What did Russia spend on its coronavirus handouts?
The Russian government is already preparing (Rus) to lift lockdown and restart the economy, which means there are unlikely to be any new anti-crisis measures. The Bell calculated that the total amount of support for Russia’s coronavirus-hit economy amounted to 2.6 percent of GDP, up to five times less than the equivalent spending by most Western countries.
- The government has announced three packages of support for businesses and individuals since the crisis began, the most recent on May 11. In total, they will cost 3 trillion roubles ($42 billion). Half is cash handouts, while the rest is made up of tax breaks or the waiving of other obligatory payments.
- Small and medium-sized businesses have been the biggest recipients of state support (63 percent of the total and 30 percent of the ‘real money’). Under an affordable loan scheme, small companies (with up to 500 employees) on a list of vulnerable industries can take out loans to pay staff. If these companies still employ 90 percent of their payroll by October, they won’t have to repay the loans. The main complaint about this scheme has been that the size of the loans are limited by the official monthly minimum wage of 12,300 rubles ($173), which is four times less than Russia’s average salary.
- The second biggest group of recipients are those with children and the unemployed (18.2 percent of the total, 30 percent of the ‘real money’). All parents of children aged between three and 16 will receive a one-time payment of 10,000 rubles ($140) for each child, and there are subsidies for those in poverty and those recently unemployed. Some economists criticized this as a ‘hidden tax on not having children’, but others pointed out there is a direct correlation between the number of children you have and level of wealth.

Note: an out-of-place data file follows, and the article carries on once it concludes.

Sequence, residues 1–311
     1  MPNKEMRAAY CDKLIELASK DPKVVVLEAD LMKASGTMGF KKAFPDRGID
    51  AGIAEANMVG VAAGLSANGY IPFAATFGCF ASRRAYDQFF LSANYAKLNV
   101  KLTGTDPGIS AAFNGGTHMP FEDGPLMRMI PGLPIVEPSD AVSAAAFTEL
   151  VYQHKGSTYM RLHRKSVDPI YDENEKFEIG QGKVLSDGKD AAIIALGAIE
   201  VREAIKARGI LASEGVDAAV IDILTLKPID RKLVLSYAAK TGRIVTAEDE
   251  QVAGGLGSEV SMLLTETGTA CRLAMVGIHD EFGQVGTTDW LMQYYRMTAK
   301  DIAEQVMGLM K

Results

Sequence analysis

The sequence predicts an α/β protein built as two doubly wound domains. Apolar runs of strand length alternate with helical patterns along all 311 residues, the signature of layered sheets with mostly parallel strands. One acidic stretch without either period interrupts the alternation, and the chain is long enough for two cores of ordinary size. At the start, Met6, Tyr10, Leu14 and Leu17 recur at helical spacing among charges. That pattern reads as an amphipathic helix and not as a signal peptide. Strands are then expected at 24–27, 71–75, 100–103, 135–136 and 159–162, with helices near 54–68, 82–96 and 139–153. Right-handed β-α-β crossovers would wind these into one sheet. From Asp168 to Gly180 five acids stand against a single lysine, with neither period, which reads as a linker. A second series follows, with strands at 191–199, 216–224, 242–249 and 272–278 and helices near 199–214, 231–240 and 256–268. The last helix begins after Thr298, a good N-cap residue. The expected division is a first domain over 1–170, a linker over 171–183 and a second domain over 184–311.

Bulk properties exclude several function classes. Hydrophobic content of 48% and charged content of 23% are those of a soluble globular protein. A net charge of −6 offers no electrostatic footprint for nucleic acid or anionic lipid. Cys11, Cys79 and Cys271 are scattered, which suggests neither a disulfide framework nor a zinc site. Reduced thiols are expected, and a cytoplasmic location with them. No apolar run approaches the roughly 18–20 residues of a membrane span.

- The rest of the money will go toward covering regional budget deficits (5 percent of total), victims of the fight against coronavirus, and direct subsidies and affordable loans for major companies, for example airlines (4 percent).
Russia’s total anti-crisis spending of $42 billion is far less than what is being spent in Europe (on average 10 percent of GDP) or the U.S. (14 percent). Russia could easily have spent much more: the country has $565 billion in gold and currency reserves, and the liquid portion of its National Wealth Fund — created for crisis situations — is worth $156 billion. In addition, Russia has historically low levels of debt and could have decided to increase borrowing. But President Vladimir Putin and the government prefer caution because of a traumatic experience in the 2008 financial crisis when Russia burned through almost all its reserves. They likely also want to save the money for a populist spending spree ahead of the 2024 presidential election.
Why the world should care
Russia’s cautious approach to containing the economic consequences of the coronavirus may save money, but it could lead to political problems if the economic downturn is particularly severe, or obviously more painful than in European countries.